A place to share my story and where family and friends could stay updated during my battle with breast cancer. Life had been pretty good up to my 64th birthday. Rick and I sold our home in the mountains the previous year and rented a small apartment for our "home base" while we set out traveling across the states. On one of our road trips in May, 2017 to Colorado, while sightseeing, I tripped and broke my ankle. We had to return home, and from there things started going down hill. A month later I was diagnosed with 3 blood clots in my left leg and had to continue to use crutches for the next 6 weeks.
After several visits to the emergency room for severe pain, red and swollen ankle and leg and a number of referrals and second opinions, I was told I had a nerve disease called "Chronic Regional Pain Syndrome", nicknamed the “suicide disease,” because the intense pain has led people to take their own lives. “ My biggest challenge has been having to manage and live with CRPS. I was at a very low ebb at this stage in my life, and I was at lost as to how I could overcome and live with this disease after having to be in a wheelchair.
My life was about to change enormously when 5 months late on December 5th, during an annual mammogram and then biopsy, I was told I had Triple Negative Breast Cancer. I remember it was on a Tuesday when Rick and I went to see the surgeon who I was referred to. I don't remember much of that day as she talked to us about the treatment plan other than me feeling I couldn't get out of there fast enough. She told us that she wanted to schedule me for Surgery the following Wednesday. The internet was at our fingertips, and I was horrified and terrified on reading the statistics of "Triple Negative Breast Cancer" and how it was an aggressive cancer and difficult to treat. My mind went into a tailspin as I tried to deal with my worst fear...
A few days later, Rick sat me down , and talked to me about how he wanted me to get the best care and treatment. Once I agreed, he held me in his arms, we cried together, and he said we will get through this. I'll take care of everything and I don't want you to worry about the money or where were going to live. I gained strength right then in there because I knew he was the perfect person to take this journey with me. He is a rock.... He is my rock. So after several phone calls and arrangements over the phone, Rick and I packed up our things and traveled to MD Anderson Cancer Center in Houston, TX, one of the best cancer centers in the world.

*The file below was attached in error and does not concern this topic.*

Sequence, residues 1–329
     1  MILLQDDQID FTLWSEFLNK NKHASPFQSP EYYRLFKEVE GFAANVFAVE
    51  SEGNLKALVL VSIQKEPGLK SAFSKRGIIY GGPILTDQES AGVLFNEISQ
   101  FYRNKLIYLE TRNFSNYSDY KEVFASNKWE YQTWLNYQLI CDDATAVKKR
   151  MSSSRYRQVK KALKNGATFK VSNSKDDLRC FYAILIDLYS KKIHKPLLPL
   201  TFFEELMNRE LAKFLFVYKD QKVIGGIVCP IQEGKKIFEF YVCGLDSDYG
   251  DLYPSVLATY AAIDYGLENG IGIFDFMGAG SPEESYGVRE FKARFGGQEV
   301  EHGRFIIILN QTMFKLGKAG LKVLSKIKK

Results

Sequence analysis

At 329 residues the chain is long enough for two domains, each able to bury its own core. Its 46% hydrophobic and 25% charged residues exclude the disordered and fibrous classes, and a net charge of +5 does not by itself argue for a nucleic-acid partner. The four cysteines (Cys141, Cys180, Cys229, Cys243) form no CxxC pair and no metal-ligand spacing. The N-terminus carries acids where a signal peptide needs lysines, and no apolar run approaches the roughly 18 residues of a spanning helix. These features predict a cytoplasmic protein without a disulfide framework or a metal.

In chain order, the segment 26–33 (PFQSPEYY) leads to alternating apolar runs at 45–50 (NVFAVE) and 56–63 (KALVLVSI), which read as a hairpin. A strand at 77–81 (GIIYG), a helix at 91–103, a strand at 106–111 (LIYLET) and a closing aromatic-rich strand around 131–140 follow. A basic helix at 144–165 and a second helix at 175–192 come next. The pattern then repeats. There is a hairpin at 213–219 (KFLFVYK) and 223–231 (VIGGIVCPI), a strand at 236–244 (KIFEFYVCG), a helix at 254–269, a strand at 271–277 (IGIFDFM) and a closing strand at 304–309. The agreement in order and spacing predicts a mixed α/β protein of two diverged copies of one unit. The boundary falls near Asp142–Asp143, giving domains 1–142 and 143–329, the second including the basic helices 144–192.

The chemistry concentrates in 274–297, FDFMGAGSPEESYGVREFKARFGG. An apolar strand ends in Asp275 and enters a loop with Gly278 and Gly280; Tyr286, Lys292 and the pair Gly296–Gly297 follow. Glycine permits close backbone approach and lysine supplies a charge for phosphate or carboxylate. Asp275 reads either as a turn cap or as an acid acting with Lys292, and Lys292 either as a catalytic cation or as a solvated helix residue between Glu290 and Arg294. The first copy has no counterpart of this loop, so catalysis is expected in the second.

Rick and I arrived in Houston a few days before meeting with the team of Dr's at the MD Anderson Cancer Center. We were both exhausted from the packing and long drive. On Dec 20th I had 2 hours of imaging. On the 21st, I spent 3 hours with the medical oncologists and the surgical oncologists. On the 22, l met with the internal medicine Dr, spent over an hour with her.
First of all, I'd like to mention this hospital and the team of Doctors are amazing. Unlike any medical facility I have ever been too. They are so caring. Patient. Understanding, and have this way of making you feel like a person and not just a number. Because of the type of breast cancer I have, the Dr's are going to start chemotherapy treatment first for 6 months because it's an aggressive cancer. On January 11th, I'll have lab work and then I'll be sedated and have a "port" implanted under my skin through blood vessels in my chest. Once a week I will go into the hospital and have chemo medicine administered into this "port" which then the medicine flows through the bloodstream, hopefully killing the cancer cells.
I say hopefully because there is 50/50 chance chemotherapy will shrink the tumors. This is the first round of Chemo with the "port", this drug is more powerful and has the worst side effects. Called, Doxorubicin. Hair loss, nausea, low white blood cells, low red blood cells. I'll be monitored closely for infections, mouth ulcers, decreased heart function, decreased liver function, numbness in hands,fingers, arms, and legs, and a long list of other side affects. The next drug is called, Taxol.
After chemotherapy I will then have to wait and be monitored for 4 weeks in order to get me healthy for surgery. When I have surgery the surgeon will remove about 7 lymph nodes and then the pathology will show if the cancer has spread. We will know then what stage cancer I'm in too. There is also a chance I may have to have radiation treatment after surgery. I'm going to stop here, because I am overwhelmed.
Take life day by day... and be grateful for the little things. Don't get caught up in what you can't control. Focus on the positive. It's the little things that make life big. , To the people in my life who make me smile, who support me, and bring me joy... I thank you, I love you dearly. All My Love Debra...